MUMBAI: Driven by rapid urbanisation and demographic changes, especially in emerging markets, global investment in the real estate sector is likely to increase 55 per cent to $45.3 trillion by 2020 from $29 trillion in 2012, according to PwC.
PwC in a report 'Real Estate 2020: Building the Future' said that the investment in developing Asia-Pacific countries, which includes India, is likely to rise by 140 per cent to $10.2 trillion by 2020 from $4.3 trillion in 2012.
"Rapid urbanisation and demographic changes, especially within emerging markets, will lead to substantial growth in the real estate investment industry over the next six years," PwC Executive Director (Capital Markets) Shashank Jain said.
The expansion will be the greatest in the emerging economies, where economic development will lead to better tenant quality and, in some countries, clearer property rights, and will play out across housing, commercial real estate and infrastructure.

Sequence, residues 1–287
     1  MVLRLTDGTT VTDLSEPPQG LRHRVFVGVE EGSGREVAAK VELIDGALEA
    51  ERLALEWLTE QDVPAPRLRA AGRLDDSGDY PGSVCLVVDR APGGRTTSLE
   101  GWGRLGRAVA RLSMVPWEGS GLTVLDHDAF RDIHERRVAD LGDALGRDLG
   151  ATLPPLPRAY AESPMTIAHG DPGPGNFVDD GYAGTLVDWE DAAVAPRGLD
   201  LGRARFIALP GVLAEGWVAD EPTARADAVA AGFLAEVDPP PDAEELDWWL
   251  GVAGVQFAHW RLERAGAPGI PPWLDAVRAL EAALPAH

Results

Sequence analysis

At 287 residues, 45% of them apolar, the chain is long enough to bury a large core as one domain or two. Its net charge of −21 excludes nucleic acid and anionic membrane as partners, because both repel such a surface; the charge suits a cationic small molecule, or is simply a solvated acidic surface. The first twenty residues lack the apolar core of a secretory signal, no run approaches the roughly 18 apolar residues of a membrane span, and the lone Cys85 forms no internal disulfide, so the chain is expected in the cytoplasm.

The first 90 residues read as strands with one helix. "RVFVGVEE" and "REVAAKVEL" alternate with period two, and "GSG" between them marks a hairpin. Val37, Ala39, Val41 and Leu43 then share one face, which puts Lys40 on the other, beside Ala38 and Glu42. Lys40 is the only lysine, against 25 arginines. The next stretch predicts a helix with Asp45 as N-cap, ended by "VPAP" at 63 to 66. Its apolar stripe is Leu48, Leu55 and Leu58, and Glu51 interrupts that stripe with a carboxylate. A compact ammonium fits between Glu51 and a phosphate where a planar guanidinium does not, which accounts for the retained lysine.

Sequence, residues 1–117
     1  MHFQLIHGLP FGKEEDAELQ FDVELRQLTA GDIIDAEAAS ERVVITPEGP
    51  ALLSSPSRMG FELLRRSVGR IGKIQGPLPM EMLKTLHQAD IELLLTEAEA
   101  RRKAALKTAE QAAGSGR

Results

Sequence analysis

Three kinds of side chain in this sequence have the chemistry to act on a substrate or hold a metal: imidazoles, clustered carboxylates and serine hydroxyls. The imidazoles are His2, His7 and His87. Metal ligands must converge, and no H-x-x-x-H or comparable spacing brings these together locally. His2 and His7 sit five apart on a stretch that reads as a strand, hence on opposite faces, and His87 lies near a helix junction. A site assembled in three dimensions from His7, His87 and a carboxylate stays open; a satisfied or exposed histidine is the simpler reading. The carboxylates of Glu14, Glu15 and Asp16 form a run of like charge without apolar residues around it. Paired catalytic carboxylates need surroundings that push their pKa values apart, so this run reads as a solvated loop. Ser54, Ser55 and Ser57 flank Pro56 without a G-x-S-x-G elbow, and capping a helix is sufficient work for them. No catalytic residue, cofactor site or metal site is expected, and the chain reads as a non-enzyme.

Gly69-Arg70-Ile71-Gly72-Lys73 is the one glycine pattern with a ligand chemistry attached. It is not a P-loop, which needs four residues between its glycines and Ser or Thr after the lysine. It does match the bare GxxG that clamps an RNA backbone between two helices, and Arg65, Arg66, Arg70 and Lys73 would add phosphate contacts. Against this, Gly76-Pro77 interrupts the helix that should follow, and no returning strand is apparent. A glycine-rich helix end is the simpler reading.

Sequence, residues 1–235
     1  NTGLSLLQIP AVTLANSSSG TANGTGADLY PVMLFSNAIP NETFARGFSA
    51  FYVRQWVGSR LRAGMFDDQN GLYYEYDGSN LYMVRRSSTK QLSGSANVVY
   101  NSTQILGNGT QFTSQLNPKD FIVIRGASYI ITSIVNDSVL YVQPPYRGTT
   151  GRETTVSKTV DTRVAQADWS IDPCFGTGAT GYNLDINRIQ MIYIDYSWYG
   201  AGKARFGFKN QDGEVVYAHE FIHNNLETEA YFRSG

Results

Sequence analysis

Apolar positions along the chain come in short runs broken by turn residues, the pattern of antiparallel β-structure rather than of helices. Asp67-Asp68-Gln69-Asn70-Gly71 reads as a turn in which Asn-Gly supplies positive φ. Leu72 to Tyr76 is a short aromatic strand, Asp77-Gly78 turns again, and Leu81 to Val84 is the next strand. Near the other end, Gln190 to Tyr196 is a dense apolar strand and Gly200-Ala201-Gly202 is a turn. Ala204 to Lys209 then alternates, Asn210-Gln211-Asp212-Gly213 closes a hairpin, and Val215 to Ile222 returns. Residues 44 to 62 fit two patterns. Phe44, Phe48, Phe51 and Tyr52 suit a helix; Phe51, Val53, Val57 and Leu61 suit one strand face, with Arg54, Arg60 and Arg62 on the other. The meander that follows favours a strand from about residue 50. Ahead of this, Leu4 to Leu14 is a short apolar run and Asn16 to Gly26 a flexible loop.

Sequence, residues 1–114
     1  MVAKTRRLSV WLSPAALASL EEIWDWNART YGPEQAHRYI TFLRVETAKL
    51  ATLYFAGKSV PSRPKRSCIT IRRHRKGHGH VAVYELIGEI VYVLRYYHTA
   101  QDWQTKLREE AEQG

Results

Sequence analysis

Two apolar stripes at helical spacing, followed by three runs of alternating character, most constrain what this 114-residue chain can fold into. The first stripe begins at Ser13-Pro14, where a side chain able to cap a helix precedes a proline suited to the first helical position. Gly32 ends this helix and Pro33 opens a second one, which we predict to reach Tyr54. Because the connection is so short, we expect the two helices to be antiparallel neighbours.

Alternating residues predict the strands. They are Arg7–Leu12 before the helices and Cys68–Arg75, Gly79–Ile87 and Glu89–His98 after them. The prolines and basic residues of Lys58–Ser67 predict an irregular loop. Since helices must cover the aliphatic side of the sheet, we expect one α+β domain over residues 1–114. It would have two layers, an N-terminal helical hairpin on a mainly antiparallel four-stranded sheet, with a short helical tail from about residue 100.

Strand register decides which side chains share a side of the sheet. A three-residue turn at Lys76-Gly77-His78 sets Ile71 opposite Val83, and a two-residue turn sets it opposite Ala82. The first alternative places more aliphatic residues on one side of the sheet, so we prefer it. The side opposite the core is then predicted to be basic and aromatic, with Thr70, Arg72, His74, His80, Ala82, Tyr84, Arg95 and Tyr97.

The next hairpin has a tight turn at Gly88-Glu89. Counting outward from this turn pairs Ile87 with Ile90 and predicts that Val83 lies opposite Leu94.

"Real estate is an integral part of the emerging markets' growth phenomenon. In India, for example, real estate has played a large part in driving economic growth. It's an exciting time for the real estate sector, in an emerging country like India," he said.
According to the report, the investment in Asia-Pacific countries is highest compared with the US, Europe, Latin America, developed parts of Asia Pacific and even Sub Saharan Africa and Middle East and North Africa.
Jain observed that intense competition for prime real estate will force real estate managers and investors to seek out new opportunities for yield.
"Yet the growing and changing real estate world will present them with a far wider range of risks, which they must be equipped to manage," he said.
Meanwhile, the growing middle class and ageing populations in these emerging economies are boosting th e demand for newer types of real estate, Jain said.
While office, industrial, retail and residential will remain the main sectors, affordable housing, agriculture, health-care and retirement accommodation will become significant sub sectors in their own rights, he added.